Photographers have demanded exemptions from new bye-laws that require written consent for commercial photography in Trafalgar Square and Parliament Square Garden.

Photographers have demanded exemptions from new bye-laws that require written consent for commercial photography in Trafalgar Square and Parliament Square Garden.

Though the wording does not differ from previous bye-laws, commercial photographers fear that the rules will restrict their ability to work in a public place.

It is unclear whether amateur photographers will be questioned by wardens if they are seen using professional-looking equipment in Trafalgar Square, a world-renowned tourist hotspot.

The rules, which the Greater London Authority (GLA) approved last month, state that written permission is needed to ?take photographs or film or make any other recordings of visual images for the purpose of or in connection with a business, trade, profession or employment or any activity carried on by a person or body of persons, whether corporate or incorporate?.

?Press photographers cannot possibly be expected to comply with this,? said John Toner, freelance organiser at the National Union of Journalists, who has written to the Government and London Mayor Boris Johnson to protest.

Toner told Amateur Photographer (AP): ?Ideally, I want them to incorporate press exemptions into the bye-laws.?

Meanwhile, a photographer using the Flickr name JayKay72 has sought clarification from the GLA.

He said he received a reply which stated that the bye-laws place no restriction on ?private or amateur photography? for ?own use and enjoyment?.

The photographer said that the GLA?s reply added: ?In the case of amateur photographers, if the person has professional-looking equipment and appears to be undertaking commercial photography, then the Heritage Wardens will enquire about their purpose and, if it is not commercial, they will be able to continue their activity?.

Architectural photographer Grant Smith, a fervent photo rights campaigner, also expressed concern at the possible impact on amateurs and tourists who, he fears, may be ?put off taking photographs in the Square?.

Last week a group of friends making a ?birthday film? in Trafalgar Square ? apparently for their own use – were ordered to stop filming and leave the Square, according to citizen journalism website Demotix.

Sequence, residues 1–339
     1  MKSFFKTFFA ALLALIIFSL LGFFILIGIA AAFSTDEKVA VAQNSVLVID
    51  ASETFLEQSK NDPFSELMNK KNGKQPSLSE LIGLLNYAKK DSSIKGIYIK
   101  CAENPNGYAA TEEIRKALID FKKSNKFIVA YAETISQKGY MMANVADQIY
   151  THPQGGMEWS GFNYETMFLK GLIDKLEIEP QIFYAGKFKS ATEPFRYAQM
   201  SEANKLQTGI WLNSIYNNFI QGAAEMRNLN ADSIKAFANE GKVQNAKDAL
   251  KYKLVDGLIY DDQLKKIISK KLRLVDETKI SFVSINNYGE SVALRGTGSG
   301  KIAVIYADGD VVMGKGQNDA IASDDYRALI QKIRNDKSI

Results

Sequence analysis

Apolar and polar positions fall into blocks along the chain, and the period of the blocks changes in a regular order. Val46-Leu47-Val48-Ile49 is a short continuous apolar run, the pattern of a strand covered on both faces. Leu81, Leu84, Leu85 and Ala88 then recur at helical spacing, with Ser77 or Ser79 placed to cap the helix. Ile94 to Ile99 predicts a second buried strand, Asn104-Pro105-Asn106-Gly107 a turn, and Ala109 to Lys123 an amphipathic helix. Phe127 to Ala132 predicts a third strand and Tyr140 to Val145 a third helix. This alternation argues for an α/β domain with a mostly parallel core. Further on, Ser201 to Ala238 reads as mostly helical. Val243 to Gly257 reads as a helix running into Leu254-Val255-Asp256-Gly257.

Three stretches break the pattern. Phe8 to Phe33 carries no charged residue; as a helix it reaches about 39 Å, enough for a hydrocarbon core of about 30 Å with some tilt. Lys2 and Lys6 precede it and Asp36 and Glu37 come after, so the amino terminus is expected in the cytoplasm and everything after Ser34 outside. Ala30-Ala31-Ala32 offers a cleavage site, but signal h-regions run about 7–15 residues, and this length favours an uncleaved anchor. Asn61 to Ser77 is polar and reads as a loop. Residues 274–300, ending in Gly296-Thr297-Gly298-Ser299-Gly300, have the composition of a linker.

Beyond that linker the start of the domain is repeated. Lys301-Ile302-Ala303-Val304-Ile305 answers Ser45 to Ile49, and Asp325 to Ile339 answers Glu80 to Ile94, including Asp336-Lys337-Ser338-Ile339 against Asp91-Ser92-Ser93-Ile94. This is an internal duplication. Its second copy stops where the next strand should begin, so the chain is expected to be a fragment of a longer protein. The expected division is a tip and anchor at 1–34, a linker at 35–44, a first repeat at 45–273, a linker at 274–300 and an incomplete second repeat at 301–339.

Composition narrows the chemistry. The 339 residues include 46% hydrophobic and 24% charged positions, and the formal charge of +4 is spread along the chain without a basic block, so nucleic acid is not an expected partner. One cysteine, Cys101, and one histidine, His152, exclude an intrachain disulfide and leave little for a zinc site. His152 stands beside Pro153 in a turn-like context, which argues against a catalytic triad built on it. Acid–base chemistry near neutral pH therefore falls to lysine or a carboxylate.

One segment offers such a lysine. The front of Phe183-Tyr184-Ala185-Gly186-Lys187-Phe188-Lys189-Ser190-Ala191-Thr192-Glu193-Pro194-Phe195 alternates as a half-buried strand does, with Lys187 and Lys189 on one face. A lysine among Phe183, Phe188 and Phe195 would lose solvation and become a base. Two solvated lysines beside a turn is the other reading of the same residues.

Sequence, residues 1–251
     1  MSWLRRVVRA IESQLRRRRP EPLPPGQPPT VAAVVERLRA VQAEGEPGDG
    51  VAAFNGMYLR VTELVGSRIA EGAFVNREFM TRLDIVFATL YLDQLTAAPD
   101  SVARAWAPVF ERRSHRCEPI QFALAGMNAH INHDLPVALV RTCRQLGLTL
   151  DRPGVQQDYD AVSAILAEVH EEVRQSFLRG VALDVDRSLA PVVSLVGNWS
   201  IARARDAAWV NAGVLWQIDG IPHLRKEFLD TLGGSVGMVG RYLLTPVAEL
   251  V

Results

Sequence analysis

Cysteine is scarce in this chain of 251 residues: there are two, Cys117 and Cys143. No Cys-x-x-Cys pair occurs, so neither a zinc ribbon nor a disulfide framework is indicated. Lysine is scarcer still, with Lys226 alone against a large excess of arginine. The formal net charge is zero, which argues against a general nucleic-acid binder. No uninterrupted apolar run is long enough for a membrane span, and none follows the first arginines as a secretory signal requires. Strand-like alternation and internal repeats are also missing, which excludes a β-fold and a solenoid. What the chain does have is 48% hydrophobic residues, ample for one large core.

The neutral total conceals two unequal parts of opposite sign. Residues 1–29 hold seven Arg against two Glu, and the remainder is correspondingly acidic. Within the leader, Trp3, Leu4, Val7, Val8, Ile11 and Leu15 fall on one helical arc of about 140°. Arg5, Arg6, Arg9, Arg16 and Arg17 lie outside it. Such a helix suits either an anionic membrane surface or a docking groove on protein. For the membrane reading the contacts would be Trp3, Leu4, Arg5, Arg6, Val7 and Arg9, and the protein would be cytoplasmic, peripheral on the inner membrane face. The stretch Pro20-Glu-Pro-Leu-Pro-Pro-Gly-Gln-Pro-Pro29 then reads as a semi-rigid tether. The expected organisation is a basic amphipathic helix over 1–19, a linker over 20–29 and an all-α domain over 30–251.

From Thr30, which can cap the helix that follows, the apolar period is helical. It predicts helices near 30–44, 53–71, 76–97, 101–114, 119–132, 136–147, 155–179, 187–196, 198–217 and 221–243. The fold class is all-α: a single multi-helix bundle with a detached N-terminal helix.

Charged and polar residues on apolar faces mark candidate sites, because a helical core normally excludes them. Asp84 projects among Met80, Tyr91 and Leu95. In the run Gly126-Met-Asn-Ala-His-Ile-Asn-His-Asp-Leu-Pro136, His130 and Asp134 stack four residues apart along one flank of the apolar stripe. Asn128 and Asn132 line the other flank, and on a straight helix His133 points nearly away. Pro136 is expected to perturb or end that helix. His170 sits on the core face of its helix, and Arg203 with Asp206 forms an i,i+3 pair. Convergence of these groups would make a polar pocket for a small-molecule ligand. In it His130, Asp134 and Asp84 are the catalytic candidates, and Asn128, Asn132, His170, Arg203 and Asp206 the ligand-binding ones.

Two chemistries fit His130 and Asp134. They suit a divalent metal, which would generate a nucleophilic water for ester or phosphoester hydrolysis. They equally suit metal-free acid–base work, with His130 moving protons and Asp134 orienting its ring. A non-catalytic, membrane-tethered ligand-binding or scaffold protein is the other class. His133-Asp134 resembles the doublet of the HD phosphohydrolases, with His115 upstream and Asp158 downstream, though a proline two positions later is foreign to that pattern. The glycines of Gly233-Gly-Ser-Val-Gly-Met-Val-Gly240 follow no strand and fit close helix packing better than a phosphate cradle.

The Mayor?s office had yet to comment on this incident at the time of writing.

However, a GLA spokesman told AP: ?To be clear, there are no restrictions on amateur photographers taking pictures in Trafalgar Square. Restrictions apply to commercial photography and information about commercial photography (for example, photoshoots) is on the GLA website.?

The spokesman added: ?Thousands of amateur photographers take pictures in Trafalgar Square every year and there is no charge.?

Michael Pritchard, director general of the Royal Photographic Society was alerted to the rules by a concerned member.

Pritchard strongly opposes the bye-laws, though he concedes that the wording is the same as those that came into effect in 2000.

?In theory the bye-laws could be applied to press photographers who would not be in a position to apply for permission in advance,? he told us.

?In practice, Trafalgar Square is public space and, provided photographers do not obstruct other users, then it should really be treated no differently to other public spaces.?

The GLA, which is poised to submit the bye-laws to the UK government, had yet to confirm whether it plans to incorporate exemptions for press photographers into the rules, as demanded by the NUJ.

The GLA has urged that any objections to the new bye-laws be submitted to Carl Schnackenberg, Department for Culture, Media and Sport, 2-4 Cockspur Street, London SW1Y 5DH.

Objections can also be emailed to Carl.Schnackenberg@Culture.gsi.gov.uk

Schnackenberg had yet to respond to a request for comment at the time of writing.